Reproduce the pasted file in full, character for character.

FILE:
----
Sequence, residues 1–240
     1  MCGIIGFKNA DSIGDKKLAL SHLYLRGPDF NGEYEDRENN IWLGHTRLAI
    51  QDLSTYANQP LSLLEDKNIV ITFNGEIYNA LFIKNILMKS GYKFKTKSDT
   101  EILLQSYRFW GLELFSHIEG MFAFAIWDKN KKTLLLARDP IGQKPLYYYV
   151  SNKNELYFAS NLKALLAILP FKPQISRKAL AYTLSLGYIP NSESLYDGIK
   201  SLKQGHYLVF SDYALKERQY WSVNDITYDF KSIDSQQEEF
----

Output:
Sequence, residues 1–240
     1  MCGIIGFKNA DSIGDKKLAL SHLYLRGPDF NGEYEDRENN IWLGHTRLAI
    51  QDLSTYANQP LSLLEDKNIV ITFNGEIYNA LFIKNILMKS GYKFKTKSDT
   101  EILLQSYRFW GLELFSHIEG MFAFAIWDKN KKTLLLARDP IGQKPLYYYV
   151  SNKNELYFAS NLKALLAILP FKPQISRKAL AYTLSLGYIP NSESLYDGIK
   201  SLKQGHYLVF SDYALKERQY WSVNDITYDF KSIDSQQEEF